BUILT IN 1832 to replace a temporary wooden structure, the Chapel is one of the most aesthetically pleasing buildings at Georgia. At the time of its construction, at a cost of fifteen thousand dollars, it was the finest building on campus. In the early days, when Protestant orthodoxy dominated the campus, the Chapel was a center of campus activities. A daily religious service, which students were required to attend, was held there, as were assemblies and commencements.

A bell tower originally crowned the roof, but in 1913 it was found to be rotten and was removed. The bell, which rang for chapel, for the beginning and end of class, and in emergencies, was placed at the top of a wooden tower at the back of the Chapel. Now the bell is rung only to mark athletic victories or other special occasions.

The sundial in front of the Chapel marks the site of the famous Toombs Oak. A famous senator and Confederate general, Robert Toombs began his distinguished career by being expelled from the university in 1825. As the story goes, he reappeared at commencement and spoke so eloquently under the oak tree that the audience left the chapel to hear him. The incident, first recounted in a speech by Henry W. Grady (class of 1868), sounds just like the mercurial, impetuous Toombs—but, alas, it never happened. Toombs' love for the university did cause him to return many times to the campus, however, and he served on the board of trustees from 1859 until his death in 1885.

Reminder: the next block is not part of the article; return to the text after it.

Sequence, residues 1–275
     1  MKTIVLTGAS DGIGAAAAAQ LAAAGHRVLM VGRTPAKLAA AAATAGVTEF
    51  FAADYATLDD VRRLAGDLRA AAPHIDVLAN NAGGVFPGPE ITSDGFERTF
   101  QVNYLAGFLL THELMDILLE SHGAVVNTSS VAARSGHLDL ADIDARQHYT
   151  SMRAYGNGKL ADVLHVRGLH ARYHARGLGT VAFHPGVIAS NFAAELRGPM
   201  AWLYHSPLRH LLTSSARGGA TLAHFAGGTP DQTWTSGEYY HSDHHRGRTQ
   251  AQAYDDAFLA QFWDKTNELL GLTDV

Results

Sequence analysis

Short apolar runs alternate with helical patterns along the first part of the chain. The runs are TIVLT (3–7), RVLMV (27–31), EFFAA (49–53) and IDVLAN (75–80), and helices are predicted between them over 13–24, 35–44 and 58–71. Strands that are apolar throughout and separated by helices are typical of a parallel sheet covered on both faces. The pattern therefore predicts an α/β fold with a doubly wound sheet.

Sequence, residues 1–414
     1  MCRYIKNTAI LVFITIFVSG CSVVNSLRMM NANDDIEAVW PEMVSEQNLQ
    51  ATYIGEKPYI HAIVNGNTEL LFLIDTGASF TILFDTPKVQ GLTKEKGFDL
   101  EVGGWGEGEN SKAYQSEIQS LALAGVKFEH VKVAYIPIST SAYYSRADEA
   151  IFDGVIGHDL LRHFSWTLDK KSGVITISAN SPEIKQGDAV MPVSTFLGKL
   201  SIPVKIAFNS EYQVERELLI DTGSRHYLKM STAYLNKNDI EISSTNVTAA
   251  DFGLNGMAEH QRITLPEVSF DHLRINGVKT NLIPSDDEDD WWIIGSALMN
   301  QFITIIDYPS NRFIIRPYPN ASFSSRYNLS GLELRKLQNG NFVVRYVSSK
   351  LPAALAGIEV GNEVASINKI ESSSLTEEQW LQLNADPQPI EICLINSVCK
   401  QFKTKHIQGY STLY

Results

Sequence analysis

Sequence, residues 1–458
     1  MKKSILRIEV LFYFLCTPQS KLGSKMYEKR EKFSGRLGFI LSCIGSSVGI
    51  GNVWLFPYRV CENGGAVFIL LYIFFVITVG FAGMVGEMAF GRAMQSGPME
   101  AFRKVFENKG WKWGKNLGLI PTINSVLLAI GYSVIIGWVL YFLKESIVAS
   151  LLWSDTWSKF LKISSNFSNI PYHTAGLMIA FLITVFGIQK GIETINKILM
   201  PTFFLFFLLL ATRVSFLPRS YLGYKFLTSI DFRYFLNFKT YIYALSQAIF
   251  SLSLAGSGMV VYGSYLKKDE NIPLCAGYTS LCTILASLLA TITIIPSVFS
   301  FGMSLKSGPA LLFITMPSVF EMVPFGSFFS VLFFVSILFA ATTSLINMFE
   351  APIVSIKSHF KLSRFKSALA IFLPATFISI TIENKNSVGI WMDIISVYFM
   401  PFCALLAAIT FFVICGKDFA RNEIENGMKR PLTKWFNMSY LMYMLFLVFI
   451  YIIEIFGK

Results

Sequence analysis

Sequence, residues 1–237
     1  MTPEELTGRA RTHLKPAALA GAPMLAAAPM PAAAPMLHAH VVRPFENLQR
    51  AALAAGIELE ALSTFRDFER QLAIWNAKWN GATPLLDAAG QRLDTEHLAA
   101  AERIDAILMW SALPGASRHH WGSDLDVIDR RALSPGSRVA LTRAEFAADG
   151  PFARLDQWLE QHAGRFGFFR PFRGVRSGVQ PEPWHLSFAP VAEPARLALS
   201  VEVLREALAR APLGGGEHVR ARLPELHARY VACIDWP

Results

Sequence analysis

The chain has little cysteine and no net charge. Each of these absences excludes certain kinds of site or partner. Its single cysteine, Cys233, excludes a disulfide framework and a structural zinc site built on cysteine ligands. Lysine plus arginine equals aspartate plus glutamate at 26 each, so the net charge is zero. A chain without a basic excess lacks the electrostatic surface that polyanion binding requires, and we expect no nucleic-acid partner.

This excerpt was taken from A Walking Tour of the University of Georgia by F.N. Boney, retired history professor.

Situated in the heart of UGA's Old North Campus, the University Chapel is a well known campus landmark, and was once used primarily for daily religious service.

The sundial

The Chapel bell